Nov 1, 2017

Here are the election Facebook ads Russia bought

Examples of ads purchased by Russian actors that appeared on Facebook during 2016. Images: House Intelligence Committee

Democrats on the House Intelligence Committee released examples of Facebook ads paid for by Russian actors during this afternoon's hearing with Facebook, Google and Twitter. Ads were displayed in the hearing room to drive home their concern about foreign governments "weaponizing" social media content.

The details: According to the metadata attached to the ads, they targeted both Republicans and Democrats and were paid for in rubles. The ads were intended to stoke discord on divisive issues such as religion, racial issues and immigration.

Facebook's chief lawyer said Wednesday afternoon that the company had not found overlap between the targeting used by Russian trolls meddling in the 2016 election and the Trump campaign. His remarks were in response to questions at the third hearing of the last 48 hours for Facebook, Twitter and Google on how Russia-bought ads and content spread on their platforms.

"We have not seen overlap in the targeting that was relatively rudimentary used in the [Russian troll farm Internet Research Agency] ads that we've disclosed and any other advertiser that's been operative on the site, including the Trump campaign," said Facebook General Counsel Colin Stretch. Twitter and Google didn't provide definitive answers.

Go deeper: Politico breaks down the individual ads with corresponding specifics of when they ran, where they were targeted, and how many people saw them and clicked on them.

What's next: Lawmakers have pushed the companies to make more information about the foreign-bought ads public. House Intelligence Committee leaders plan to release the Russian-bought ads that appeared on Twitter and Google. The companies said they would benefit from the government sharing information with them as well in order to effectively identify inappropriate content and ads.

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Acting Navy secretary resigns over handling of virus-infected ship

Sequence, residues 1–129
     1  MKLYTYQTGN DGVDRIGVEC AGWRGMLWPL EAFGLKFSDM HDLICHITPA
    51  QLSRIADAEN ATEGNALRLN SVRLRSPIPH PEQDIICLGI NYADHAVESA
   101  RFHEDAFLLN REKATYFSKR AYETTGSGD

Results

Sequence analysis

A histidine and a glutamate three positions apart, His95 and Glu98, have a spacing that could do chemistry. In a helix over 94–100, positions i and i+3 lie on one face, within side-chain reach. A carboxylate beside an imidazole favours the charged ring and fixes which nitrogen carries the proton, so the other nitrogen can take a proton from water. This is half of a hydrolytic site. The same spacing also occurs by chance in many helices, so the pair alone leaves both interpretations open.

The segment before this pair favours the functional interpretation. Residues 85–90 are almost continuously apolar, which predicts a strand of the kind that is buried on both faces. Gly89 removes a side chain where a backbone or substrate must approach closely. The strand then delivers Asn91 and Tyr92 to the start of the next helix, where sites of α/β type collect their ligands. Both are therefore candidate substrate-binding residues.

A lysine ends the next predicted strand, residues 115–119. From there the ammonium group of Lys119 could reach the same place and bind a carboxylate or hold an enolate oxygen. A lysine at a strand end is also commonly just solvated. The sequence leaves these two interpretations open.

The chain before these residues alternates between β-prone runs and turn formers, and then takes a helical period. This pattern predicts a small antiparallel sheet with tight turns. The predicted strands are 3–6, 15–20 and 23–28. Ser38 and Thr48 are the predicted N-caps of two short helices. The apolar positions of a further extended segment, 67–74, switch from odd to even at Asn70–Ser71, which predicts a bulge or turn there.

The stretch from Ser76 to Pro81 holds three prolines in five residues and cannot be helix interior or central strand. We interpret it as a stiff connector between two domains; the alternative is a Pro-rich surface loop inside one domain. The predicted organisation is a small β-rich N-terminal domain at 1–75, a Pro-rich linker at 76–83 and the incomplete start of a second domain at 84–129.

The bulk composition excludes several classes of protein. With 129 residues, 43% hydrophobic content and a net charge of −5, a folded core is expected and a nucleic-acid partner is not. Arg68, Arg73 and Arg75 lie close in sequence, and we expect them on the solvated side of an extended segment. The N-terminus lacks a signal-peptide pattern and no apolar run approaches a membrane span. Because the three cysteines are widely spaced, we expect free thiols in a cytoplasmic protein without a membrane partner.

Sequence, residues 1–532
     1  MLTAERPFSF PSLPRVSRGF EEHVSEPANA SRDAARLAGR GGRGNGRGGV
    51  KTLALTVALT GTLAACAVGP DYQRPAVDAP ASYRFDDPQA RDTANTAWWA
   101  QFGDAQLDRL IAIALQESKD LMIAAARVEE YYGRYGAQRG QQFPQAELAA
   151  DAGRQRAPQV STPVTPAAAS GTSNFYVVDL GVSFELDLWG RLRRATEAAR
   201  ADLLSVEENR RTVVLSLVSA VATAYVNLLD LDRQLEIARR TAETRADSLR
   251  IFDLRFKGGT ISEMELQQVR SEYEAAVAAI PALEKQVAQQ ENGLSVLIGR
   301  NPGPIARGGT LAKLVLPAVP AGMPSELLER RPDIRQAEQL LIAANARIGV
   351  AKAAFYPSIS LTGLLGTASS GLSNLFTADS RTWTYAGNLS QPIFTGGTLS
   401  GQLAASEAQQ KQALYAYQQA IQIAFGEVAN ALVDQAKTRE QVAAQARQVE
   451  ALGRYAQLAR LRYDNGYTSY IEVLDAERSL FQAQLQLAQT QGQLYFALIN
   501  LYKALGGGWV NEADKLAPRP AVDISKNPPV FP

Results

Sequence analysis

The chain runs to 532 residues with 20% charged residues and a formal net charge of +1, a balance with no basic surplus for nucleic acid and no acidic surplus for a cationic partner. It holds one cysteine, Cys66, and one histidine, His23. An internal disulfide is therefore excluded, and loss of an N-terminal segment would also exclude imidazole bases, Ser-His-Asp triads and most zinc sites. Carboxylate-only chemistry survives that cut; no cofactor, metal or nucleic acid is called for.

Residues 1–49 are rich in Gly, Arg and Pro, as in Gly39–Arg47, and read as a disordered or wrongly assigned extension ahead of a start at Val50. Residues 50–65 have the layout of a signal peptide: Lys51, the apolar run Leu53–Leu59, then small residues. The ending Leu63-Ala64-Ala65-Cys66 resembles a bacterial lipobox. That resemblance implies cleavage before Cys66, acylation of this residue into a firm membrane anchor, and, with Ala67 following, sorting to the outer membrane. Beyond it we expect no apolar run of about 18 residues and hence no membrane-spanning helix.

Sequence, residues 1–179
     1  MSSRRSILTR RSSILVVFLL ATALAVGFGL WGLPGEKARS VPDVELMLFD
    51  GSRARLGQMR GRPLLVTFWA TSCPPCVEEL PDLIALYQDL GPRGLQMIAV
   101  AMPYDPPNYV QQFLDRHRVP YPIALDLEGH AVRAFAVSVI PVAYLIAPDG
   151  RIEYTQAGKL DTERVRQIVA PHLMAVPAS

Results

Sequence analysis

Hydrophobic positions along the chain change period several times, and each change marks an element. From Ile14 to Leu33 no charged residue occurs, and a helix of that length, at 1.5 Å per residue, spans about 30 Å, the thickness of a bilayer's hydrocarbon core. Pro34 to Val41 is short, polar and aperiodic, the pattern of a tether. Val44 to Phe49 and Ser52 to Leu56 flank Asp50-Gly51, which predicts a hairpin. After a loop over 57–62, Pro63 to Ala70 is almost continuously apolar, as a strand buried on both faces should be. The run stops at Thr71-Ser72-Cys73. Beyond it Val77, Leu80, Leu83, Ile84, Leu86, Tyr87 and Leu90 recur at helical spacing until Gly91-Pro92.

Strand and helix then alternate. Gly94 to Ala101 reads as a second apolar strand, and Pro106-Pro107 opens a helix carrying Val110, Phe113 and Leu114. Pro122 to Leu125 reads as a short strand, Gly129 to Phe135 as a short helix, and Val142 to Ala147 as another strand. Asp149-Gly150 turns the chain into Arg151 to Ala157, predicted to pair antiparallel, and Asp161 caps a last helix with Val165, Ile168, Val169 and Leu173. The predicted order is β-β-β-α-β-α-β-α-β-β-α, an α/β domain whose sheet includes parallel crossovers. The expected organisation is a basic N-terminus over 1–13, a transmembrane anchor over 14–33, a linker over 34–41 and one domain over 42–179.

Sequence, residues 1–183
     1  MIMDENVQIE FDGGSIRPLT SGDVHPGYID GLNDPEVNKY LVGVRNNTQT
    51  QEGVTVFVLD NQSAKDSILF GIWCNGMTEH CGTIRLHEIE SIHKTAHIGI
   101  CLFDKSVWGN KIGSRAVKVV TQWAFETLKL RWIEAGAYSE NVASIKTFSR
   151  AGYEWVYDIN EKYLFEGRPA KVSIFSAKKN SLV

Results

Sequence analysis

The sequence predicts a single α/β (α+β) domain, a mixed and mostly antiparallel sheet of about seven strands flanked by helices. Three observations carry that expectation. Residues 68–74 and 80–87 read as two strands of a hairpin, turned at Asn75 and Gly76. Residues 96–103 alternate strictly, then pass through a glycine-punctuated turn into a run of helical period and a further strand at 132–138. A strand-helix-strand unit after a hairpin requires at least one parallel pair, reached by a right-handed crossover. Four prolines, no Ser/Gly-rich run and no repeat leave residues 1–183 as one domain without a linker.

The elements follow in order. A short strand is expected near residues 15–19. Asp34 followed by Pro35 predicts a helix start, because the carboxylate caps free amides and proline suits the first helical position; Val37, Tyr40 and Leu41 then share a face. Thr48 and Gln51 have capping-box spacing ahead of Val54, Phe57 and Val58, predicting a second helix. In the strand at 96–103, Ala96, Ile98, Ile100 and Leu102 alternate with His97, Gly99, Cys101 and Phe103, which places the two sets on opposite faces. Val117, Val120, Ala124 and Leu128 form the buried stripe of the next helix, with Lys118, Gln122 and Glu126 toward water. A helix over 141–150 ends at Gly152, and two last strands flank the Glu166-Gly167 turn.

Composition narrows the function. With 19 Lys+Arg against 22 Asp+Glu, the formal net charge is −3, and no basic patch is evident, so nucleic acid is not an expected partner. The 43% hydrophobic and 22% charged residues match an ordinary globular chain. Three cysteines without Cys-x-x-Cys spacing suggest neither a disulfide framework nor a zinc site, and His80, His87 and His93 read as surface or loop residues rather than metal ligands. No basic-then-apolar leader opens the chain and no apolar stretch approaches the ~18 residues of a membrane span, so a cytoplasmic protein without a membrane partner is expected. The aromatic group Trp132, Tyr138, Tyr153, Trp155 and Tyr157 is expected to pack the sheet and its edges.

Thomas Modly. Photo: Chip Somodevilla/Getty Images

Acting Navy Secretary Thomas Modly resigned Tuesday after apologizing for comments he made about Capt. Brett Crozier, who was removed when a letter he wrote pleading with the Navy to address the coronavirus outbreak aboard the USS Theodore Roosevelt was leaked to the press. The resignation was first reported by Politico.

Why it matters: The controversy over Crozier's removal was exacerbated after audio leaked of Modly's address to the crew, in which he said Crozier was either "too naive or too stupid to be a commanding officer of a ship like this." After initially backing Modly's decision, President Trump said at a briefing Monday that he would "get involved."

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Coronavirus dashboard

Illustration: Aïda Amer/Axios

  1. Global: Total confirmed cases as of 4 p.m. ET: 1,407,123— Total deaths: 81,103 — Total recoveries: 297,934Map.
  2. U.S.: Total confirmed cases as of 4 p.m. ET: 386,800 — Total deaths: 12,285 — Total recoveries: 20,191Map.
  3. Federal government latest: Trump removes watchdog overseeing rollout of $2 trillion coronavirus bill — Senate looks to increase coronavirus relief for small businesses this week
  4. Public health latest: Testing capacity is still lagging far behind demand.
  5. World latest: China reopens Wuhan after 10-week coronavirus lockdown.
  6. Wisconsin primary in photos: Thousands gathered to cast ballots in-person during the height of the coronavirus crisis in the U.S.
  7. What should I do? Pets, moving and personal health. Answers about the virus from Axios expertsWhat to know about social distancingQ&A: Minimizing your coronavirus risk.
  8. Other resources: CDC on how to avoid the virus, what to do if you get it.

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America's food heroes

Photos: Charlie Riedel/AP (L); Brent Stirton/Getty Images

The people who grow, process and keep food stocked on shelves are doing heroic work in these conditions, often for bottom-barrel pay.

Why it matters: Millions of Americans don't have the luxury of working from home, and it's essential that food workers keep working so we can keep eating.

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